The most eye-popping college basketball score of this season came on Monday night as Southern University trounced Champion Baptist in a 116-12 massacre. The Jaguars scored the first 44 points of the game to set a new NCAA record, and Champion Baptist shot a disastrous 3 of 44 (6.8 percent) from the field.
Of course, a score that ugly raises an important question: What the heck’s a Champion Baptist, and where does it come from? More importantly, how does it end up on a NCAA Division I team’s schedule?
First things first. Champion Baptist isn’t a member of Division I, Division II, Division III or even the NAIA. In fact, it’s not even an accredited university. It’s a four-year vocational college in Hot Springs, Arkansas.
The Tigers (this took some serious research) are a member of the Association of Christian Collegiate Athletics, which boasts such schools as Crowley’s Ridge College, Hillsdale Free Will Bible College (hopefully that school becomes big enough for some kid to blare “I will choose free will!” out of a speaker during his signing ceremony instead of pulling out a hat) and Moltnomah University. Providence College is also a member — albeit the one in Manitoba.
How did they end up on the schedule of a team that was in the NCAA Tournament last year? That’s a matter of economics.
All small Division I programs are forced to play “guarantee games” in their non-conference schedule in order to make ends meet financially. This is especially true in Louisiana, where budget cuts to schools have forced athletic departments to become more self-sufficient.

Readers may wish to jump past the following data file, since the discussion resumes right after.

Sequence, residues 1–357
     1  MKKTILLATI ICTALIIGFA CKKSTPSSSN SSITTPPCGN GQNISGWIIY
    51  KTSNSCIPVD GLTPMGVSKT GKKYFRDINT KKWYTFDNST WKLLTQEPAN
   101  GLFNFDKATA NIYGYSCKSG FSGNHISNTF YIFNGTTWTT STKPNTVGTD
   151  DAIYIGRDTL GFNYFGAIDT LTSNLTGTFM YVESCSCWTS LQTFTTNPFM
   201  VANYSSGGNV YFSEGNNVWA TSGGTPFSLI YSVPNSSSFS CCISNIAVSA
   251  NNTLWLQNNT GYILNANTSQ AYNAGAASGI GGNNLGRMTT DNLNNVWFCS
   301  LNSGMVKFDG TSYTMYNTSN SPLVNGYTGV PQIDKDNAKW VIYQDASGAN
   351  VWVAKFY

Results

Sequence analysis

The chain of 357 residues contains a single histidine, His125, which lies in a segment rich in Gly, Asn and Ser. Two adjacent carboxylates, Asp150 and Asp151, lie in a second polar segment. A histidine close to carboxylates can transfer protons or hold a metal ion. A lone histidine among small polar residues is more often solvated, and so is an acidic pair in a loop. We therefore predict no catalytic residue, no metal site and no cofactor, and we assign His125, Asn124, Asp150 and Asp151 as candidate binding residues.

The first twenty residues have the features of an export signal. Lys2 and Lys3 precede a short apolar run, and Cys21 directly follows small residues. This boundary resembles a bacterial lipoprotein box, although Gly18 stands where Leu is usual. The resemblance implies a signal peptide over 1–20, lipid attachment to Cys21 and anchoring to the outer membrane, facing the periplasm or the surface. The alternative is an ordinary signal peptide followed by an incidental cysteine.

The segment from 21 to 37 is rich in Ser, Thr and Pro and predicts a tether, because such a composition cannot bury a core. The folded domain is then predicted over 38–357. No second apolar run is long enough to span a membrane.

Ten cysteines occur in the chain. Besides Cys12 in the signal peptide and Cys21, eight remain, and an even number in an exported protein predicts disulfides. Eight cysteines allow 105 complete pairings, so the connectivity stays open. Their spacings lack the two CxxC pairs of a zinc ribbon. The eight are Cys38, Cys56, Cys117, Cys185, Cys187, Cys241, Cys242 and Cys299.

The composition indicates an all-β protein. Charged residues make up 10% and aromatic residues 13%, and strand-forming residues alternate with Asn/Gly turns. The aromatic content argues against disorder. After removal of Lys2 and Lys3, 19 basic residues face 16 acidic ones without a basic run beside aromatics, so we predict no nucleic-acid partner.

With so many guarantee games — Southern traveled to Marquette, Florida, Arizona and Baylor this season, for instance — teams have fewer chances for wins. And when you made the NCAA Tournament like Southern did last season, it can be tough to get home-and-home games with fellow small-major programs, who are also trying to find winnable games.
Thus we have the addition of non-D-I programs such as Champion Baptist on the schedule. For those schools, it is a chance to meet their modest budgets. And for the small D-I programs, it is a chance to pick up hard-to-find non-conference wins at home.
Should these games be played? Probably not. But without a commissioner of Division I basketball, it is hard to imagine that they will stop happening. The ideal solution would be for major programs to cut down on the number of guarantee games and actually schedule home-and-home games against the little guys. That would allow those programs to fill their arenas on a given night and self-produce the revenue that is usually handed to them in a check.
Of course, big schools don’t want to take that risk, because no one wants that potential bubble-bursting loss hanging over them on Selection Sunday. That may be good for them, but it’s bad for the game as a whole since it brings us results like Southern 116, Champion Baptist 12.